The worst season in Colorado Rockies history has finally come to a close.

Surpassing the century mark with 103 losses, Dick Monfort’s organization finally did the one thing long touted as a source of pride.

In an contest lasting until the 11th inning when Brenton Doyle used his speed to take two bases on one pitch, Colorado defeated the Minnesota Twins 3-2 in walk-off fashion. Though they avoided loss no. 104 with win no. 59, another mark of deficiency as the Rockies failed to win at least 60 games for the first time in their 31 seasons.

Nolan Jones homered and stole a base to become the first member of the Rockies’ 20-20 club as a rookie. His feat is rare among all 30 teams as well, becoming just the 16th rookie in baseball history to hit 20 home runs and steal 20 bases in a single season. To have done it in 106 games makes the milestone all the more impressive.

The starting rotation, the backbone of the 2017-18 postseason appearances, suffered another casualty on Sunday as starter Chase Anderson was scratched due to cuts on the index finger of his pitching hand. In stepped the bullpen, one more time, as has been the story of the season, for 33 outs.

As the surprise weak link in 2023, the starting pitching — and the lack thereof — eventually had deleterious effects on the bullpen. Decimated by injuries — Germán Márquez and Antonio Senzatela made six starts combined — and poor performances — Remember no. 3 starter José Ureña, who was released less than a month into the season? — the relief corps became overused and overexposed.

The makings of the first 100-loss season in franchise history actually go back to five years ago to 2018, the last time Colorado reached the playoffs. To get back to Rocktober, it could take another five more years. 

How did the Rockies get here? How will they get out? And how soon?

End of an Era

In less than two seasons, Jeff Bridich went from the General Manager who unceremoniously traded Troy Tulowitzki to the one that helped orchestrate back-to-back playoff appearances for the first time in team history.

It was already falling apart during the 2018 run that nearly netted Colorado their first National League West pennant. Bridich had spent much of the club’s remaining free agent budget during the offseason on the $106 million super bullpen: Wade Davis, Bryan Shaw and Jake McGee. 

The previous year, it was $70 million on Ian Desmond. And then some. The signing meant forfeiting the 11th overall pick and the nearly $4.2 million in bonus pool money in the 2017 MLB Draft. Eventually, their first selection was the 48th overall pick, Ryan Vilade, a player who appeared in only three games for the team before being waived in 2022.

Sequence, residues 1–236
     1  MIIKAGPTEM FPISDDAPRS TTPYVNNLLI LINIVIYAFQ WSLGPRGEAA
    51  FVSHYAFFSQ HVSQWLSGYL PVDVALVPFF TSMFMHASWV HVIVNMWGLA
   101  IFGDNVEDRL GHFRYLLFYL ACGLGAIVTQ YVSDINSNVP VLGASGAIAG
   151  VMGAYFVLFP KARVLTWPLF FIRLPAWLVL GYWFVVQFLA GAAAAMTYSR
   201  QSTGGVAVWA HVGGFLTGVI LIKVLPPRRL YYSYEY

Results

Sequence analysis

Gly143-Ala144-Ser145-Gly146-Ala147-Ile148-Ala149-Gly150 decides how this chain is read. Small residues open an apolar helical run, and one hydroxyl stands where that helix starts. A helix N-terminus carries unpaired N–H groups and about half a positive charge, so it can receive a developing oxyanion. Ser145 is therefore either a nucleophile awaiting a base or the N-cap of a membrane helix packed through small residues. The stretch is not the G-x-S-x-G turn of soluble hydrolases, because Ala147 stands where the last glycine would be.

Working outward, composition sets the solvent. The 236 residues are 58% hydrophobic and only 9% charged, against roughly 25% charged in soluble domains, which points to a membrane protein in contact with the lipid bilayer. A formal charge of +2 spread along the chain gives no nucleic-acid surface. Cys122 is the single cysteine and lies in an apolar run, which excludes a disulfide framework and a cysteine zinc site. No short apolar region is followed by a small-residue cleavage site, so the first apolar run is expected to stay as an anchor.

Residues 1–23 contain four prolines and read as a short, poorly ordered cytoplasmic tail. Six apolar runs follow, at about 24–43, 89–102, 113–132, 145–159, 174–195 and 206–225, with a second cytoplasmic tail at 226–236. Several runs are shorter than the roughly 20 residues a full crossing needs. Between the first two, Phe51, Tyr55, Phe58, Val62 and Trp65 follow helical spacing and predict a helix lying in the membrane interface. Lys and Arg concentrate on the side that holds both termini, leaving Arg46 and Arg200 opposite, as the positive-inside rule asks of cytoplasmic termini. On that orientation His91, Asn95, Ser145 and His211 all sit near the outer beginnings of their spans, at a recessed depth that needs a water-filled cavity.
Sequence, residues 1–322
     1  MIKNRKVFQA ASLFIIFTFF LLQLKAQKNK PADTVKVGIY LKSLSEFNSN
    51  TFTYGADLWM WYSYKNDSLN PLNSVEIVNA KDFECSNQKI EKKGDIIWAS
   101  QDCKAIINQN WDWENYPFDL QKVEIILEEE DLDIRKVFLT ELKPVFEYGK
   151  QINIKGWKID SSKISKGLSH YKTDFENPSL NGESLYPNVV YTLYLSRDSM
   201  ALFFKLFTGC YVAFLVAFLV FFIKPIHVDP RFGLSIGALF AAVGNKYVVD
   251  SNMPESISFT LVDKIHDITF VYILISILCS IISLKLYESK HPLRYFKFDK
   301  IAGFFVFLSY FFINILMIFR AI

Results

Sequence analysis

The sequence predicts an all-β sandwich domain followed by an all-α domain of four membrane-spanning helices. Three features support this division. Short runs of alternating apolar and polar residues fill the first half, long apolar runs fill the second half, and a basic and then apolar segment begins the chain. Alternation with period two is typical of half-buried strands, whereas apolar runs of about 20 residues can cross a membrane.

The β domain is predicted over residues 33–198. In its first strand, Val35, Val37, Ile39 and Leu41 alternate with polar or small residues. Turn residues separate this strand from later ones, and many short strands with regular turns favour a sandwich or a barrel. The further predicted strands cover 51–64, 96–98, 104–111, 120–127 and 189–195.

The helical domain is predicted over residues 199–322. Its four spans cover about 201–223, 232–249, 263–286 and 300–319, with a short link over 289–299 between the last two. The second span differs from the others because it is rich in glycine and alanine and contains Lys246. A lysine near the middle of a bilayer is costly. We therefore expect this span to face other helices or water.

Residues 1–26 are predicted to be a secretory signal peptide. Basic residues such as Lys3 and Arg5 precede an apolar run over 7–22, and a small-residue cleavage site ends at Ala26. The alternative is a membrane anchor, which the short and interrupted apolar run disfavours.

When it came time to acquire players at the 2018 trade deadline, the moves were few and frugal. Reliever Seunghwan Oh and backup catcher Drew Butera were acquired for four players who never developed, and 38-year-old outfielder Matt Holliday returned on a club friendly deal. For some inside the Rockies clubhouse, it was a frustrating show of support for a roster on the brink of a championship. 

Nolan Arenado was fine signing a long-term deal with the organization at eight years and $260 million ahead of the 2019 season, especially after the club said all the right things about keeping their window of contention wide open for the foreseeable future. DJ LeMahieu didn’t return that offseason, but Colorado managed to bounce back from a 3-12 start to hold a piece of the final NL Wild Card spot as late as July 1.

Over the next month, the Rockies collapsed. They went 6-19 in July and made insignificant player acquisitions, signing a recently-released Yonder Alonso and dealing for a minor league reliever before the trade deadline. Colorado then finished August with the third-worst record in the entire Senior Circuit. Arenado said of the roster at that point, “It feels like a rebuild.”

The relationship between Arenado and Bridich worsened from there and it was only a matter of time before the perennial Gold Glove Award winner was traded to St. Louis. Close friend Trevor Story saw firsthand how the ordeal went down and was uninterested in sticking around. Jon Gray would also leave following the 2021 season.

Others from that 2018 roster enjoyed success elsewhere. Gerardo Parra won the 2019 World Series with Washington. Adam Ottavino jumped around the AL and NL East to reach the playoffs every year and Tyler Anderson parlayed an All-Star season with the Los Angeles Dodgers to sign a three-year, $39 million deal with the Los Angeles Angels.

Just like that, everyone except three rookie starters from 2017 (Márquez, Senzatela and Kyle Freeland), Charlie Blackmon and Ryan McMahon were gone.

A few months after Monfort sided with his GM over his future Hall of Famer, Bridich was out and scouting director Bill Schmidt was the next man through the revolving door.

Top of the Mountain

It wasn’t just the loss of talented players over the years that put the 2023 club on the wrong side of history.

The injuries to the rotation are obvious, but all teams experience such hardships. Kris Bryant missed 72 games across two IL stints. Blackmon was down for 53. The team also lost five veterans at the trade deadline, a move that only expedited the inevitable. For better or worse, this is what a 100-loss team looks like during the marathon.